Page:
Poetry tops open mic event Feb. 21

Print Friendly, PDF & Email

Illustration by Estefania B. Alonso

Spoken-word event will help students find voice and connect, host says.

By Grayce Trevino


Students can recite their original poetry, perform stand-up comedy, play music or sing at Black History Month’s Open Mic Poetry event 11 a.m.-noon Feb. 21 in the cafeteria of Loftin Student Center.

Expressing themselves for an audience can enhance their confidence, organizers say.

Any student may participate, but students can ensure a spot by emailing organizer Dee Dixon at ldixon4@alamo.edu or by signing up on the BHM OpenMic/SpokenWord Facebook page.

There will be door prizes for performers and free pizza for students.

Students may perform anything from poetry to comedy to music. There is not a set time limit.

Dixon says Open Mic Poetry will “introduce students to spoken word.” According to The Poetry Foundation’s Glossary Terms, spoken word is “characterized by rhyme, repetition, improvisation and word play.”

Students usually perform pieces that are “relevant to the time and climate,” Dixon said. The pieces are usually statement pieces.

Open Mic Poetry has also been known to “boost people’s confidence,” Dixon said.

Local poets Tasha Greene and Paul Wilkinson will be hosting Open Mic Poetry as they have the past couple of years.

Greene, who has been performing since 2010, says many students “express their views on politics, family, prejudice. It is a great platform to express themselves.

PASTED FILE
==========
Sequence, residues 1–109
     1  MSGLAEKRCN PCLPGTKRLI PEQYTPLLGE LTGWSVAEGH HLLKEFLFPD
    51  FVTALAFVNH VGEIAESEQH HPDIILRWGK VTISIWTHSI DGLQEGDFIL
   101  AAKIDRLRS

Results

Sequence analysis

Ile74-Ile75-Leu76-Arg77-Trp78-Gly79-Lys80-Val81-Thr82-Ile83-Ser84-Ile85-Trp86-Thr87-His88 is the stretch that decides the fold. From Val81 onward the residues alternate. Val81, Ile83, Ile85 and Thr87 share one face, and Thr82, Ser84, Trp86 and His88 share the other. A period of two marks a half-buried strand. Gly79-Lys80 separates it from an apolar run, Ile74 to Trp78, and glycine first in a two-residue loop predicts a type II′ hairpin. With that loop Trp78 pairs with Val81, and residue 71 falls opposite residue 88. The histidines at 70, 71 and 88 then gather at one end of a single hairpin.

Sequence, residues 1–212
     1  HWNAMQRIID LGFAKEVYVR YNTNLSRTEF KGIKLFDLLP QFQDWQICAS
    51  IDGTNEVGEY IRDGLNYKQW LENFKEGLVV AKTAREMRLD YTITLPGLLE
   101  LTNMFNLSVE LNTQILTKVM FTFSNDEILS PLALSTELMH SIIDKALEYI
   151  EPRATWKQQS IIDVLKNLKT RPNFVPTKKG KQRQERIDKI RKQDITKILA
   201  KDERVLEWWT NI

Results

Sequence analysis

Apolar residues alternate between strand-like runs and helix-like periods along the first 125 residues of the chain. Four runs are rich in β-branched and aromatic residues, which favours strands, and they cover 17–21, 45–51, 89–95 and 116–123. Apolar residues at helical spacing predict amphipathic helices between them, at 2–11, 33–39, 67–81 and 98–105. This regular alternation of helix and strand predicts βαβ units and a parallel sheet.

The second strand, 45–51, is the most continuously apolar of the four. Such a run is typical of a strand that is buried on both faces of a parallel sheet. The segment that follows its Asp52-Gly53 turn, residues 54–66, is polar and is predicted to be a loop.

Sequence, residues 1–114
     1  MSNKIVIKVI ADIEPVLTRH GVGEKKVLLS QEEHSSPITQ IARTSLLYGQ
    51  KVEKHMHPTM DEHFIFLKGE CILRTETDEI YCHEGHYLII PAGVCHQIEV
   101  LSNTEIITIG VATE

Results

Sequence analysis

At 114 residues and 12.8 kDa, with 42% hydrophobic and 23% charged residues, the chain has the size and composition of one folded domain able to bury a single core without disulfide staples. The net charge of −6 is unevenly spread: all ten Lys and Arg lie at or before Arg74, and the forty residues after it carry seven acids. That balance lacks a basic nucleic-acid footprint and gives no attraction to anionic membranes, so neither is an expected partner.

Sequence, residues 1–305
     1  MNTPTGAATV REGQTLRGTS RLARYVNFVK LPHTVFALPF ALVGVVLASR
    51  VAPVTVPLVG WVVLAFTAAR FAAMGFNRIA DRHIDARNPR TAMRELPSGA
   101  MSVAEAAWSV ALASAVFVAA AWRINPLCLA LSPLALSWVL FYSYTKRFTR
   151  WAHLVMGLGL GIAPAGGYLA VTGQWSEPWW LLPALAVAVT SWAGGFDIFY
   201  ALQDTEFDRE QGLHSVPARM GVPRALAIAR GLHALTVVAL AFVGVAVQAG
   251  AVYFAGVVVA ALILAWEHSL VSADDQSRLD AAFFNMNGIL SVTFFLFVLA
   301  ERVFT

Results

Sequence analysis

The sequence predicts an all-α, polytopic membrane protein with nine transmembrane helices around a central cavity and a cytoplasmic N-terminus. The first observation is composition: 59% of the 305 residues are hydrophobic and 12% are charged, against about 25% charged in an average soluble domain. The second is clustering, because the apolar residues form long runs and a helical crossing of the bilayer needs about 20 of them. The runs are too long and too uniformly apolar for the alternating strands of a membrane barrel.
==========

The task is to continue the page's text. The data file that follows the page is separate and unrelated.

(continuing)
“Poetry in general gives an opportunity to express themselves … like fiction writing,” Greene said.

In her experience, many students are frightened of being on stage, but many also overcome their fears.

Open mic is important to Black History Month because “it’ll give us an opportunity that gives us a perspective that is different from our own,” Greene said.

Dixon agreed.

“Spoken word is the vehicle that has been used to pass down tradition, history,” Dixon said. “When people couldn’t write, when it wasn’t safe to write, there was the call and response.

“There’s power in the spoken word, it can move people, move people to act, move people to not act. There’s times when the spoken word is more than a performance. Sometimes the audience becomes part of the spoken word. … Sometimes they are a part of it.”

For more information on the event, call Dixon at 210-486-0598.


Leave A Reply